Republicans are trivialized in California, challenge the popular mindset

Election Day is upon us! Voters from many walks of life and from both sides of the aisle have the opportunity to cast ballots in favor of the candidates they wish to see on the November ballot. But that’s just the visible tip of the iceberg. More importantly, primary elections mark the biannual day when the citizens of our democracy can and must voice the powerful message that the status quo is not static.

Entering into the primary election, Californians are split between two camps, both ideologically and functionally: Democrat voters, who feel that tomorrow is the critical determinant of (potentially) the next president, and Republican voters, who for many years have felt neglected and irrelevant in this state and for whom the presidential nominee is already decided. It is both possible and probable that many Republicans stayed home, as their votes mean little-to-nothing in the crowded-out U.S. Senate field and absolutely nothing in the presidential race.

But this lack of engagement and excitement in the democracy of our nation’s most populous state is sickening. I could not disagree more with any fellow Republican’s decision to self-select out of participating in this — or any — election.

Here in Berkeley, Republicans exist in the shadows or appear only in gossip about “the crazies” or the “other side.” As a 22-year-old female Republican UC Berkeley student, I am consistently trivialized for my beliefs, dismissed and marginalized by my own communities — students, women, young people, Bay Area residents. On campus, my beliefs are fodder for mockery by both professors and students alike, and, rather than engage in debate with me, I am instead dismissed without any inquiry into the validity of my positions.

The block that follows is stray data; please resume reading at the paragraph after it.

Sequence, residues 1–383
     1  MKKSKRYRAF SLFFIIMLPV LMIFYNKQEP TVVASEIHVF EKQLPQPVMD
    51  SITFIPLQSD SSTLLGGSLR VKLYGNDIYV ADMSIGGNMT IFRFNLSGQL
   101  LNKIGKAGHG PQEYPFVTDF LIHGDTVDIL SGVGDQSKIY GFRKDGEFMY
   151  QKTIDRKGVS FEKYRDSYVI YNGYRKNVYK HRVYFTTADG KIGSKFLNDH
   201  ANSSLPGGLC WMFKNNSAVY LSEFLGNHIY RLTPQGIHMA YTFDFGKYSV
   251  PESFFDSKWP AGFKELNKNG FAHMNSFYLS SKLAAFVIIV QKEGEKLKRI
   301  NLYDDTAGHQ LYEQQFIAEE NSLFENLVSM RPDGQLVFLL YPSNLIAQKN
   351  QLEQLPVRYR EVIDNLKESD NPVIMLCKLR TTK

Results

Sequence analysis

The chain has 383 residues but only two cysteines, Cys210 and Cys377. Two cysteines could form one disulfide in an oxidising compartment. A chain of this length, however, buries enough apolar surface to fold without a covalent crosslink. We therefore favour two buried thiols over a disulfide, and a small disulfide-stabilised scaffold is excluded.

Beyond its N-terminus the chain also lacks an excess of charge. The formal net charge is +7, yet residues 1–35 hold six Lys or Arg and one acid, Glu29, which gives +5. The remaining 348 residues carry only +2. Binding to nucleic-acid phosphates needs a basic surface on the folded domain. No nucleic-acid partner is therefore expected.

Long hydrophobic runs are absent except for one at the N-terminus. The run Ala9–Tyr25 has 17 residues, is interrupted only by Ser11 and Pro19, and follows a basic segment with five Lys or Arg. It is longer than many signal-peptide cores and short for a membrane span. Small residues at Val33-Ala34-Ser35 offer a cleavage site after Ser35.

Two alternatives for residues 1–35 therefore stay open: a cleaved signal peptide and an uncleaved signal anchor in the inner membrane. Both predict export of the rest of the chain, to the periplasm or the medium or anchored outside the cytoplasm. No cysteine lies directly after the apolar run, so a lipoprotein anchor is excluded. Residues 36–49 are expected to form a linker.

As the Republican candidate for state Assembly in a district with about 7 percent GOP registration, I am routinely ignored and cast to the side as naive, immature or irrelevant. But my like-minded peers — grassroots activists, philosophers, writers, students — and I are none of those things. We are motivated, and we refuse to be silenced.

What do I, the Berkeley College Republican, have in common with Maya Dillard Smith, the Georgia chapter of the American Civil Liberties Union interim director who resigned from her position this past week? We are both bucking the status quo. We are both asking questions that seem to find no answers. We are both looking more closely at the situation and challenging the agenda of authority. We both dare to be different.

Smith justified her decision by explaining that the ACLU allowed little room for dialogue and discussion over controversial issues. Interestingly, the ACLU claims to champion civil liberties — but in practice, it truly only protects those of its chosen groups, and fails to consider all perspectives on its initiatives. This discourse-stifling environment is quite reminiscent of Bay Area politics.